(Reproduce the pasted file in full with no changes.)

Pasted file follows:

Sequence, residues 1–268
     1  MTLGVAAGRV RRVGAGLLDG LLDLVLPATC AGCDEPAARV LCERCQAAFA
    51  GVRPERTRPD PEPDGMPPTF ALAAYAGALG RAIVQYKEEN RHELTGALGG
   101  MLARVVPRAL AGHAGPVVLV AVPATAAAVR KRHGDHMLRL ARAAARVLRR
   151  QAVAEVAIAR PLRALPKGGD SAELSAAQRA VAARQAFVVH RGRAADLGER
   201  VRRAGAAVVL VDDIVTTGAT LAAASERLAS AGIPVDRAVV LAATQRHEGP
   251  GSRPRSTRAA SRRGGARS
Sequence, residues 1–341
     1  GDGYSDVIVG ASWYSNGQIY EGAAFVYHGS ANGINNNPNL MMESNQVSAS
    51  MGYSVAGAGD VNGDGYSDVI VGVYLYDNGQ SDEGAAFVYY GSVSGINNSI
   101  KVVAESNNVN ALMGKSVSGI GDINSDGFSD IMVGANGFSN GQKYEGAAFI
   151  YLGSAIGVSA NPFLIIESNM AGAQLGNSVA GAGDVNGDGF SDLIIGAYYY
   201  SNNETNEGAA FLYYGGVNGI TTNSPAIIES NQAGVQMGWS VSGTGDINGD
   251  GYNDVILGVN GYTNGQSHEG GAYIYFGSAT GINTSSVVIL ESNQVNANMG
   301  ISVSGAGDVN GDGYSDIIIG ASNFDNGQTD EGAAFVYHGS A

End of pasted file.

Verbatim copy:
Sequence, residues 1–268
     1  MTLGVAAGRV RRVGAGLLDG LLDLVLPATC AGCDEPAARV LCERCQAAFA
    51  GVRPERTRPD PEPDGMPPTF ALAAYAGALG RAIVQYKEEN RHELTGALGG
   101  MLARVVPRAL AGHAGPVVLV AVPATAAAVR KRHGDHMLRL ARAAARVLRR
   151  QAVAEVAIAR PLRALPKGGD SAELSAAQRA VAARQAFVVH RGRAADLGER
   201  VRRAGAAVVL VDDIVTTGAT LAAASERLAS AGIPVDRAVV LAATQRHEGP
   251  GSRPRSTRAA SRRGGARS
Sequence, residues 1–341
     1  GDGYSDVIVG ASWYSNGQIY EGAAFVYHGS ANGINNNPNL MMESNQVSAS
    51  MGYSVAGAGD VNGDGYSDVI VGVYLYDNGQ SDEGAAFVYY GSVSGINNSI
   101  KVVAESNNVN ALMGKSVSGI GDINSDGFSD IMVGANGFSN GQKYEGAAFI
   151  YLGSAIGVSA NPFLIIESNM AGAQLGNSVA GAGDVNGDGF SDLIIGAYYY
   201  SNNETNEGAA FLYYGGVNGI TTNSPAIIES NQAGVQMGWS VSGTGDINGD
   251  GYNDVILGVN GYTNGQSHEG GAYIYFGSAT GINTSSVVIL ESNQVNANMG
   301  ISVSGAGDVN GDGYSDIIIG ASNFDNGQTD EGAAFVYHGS A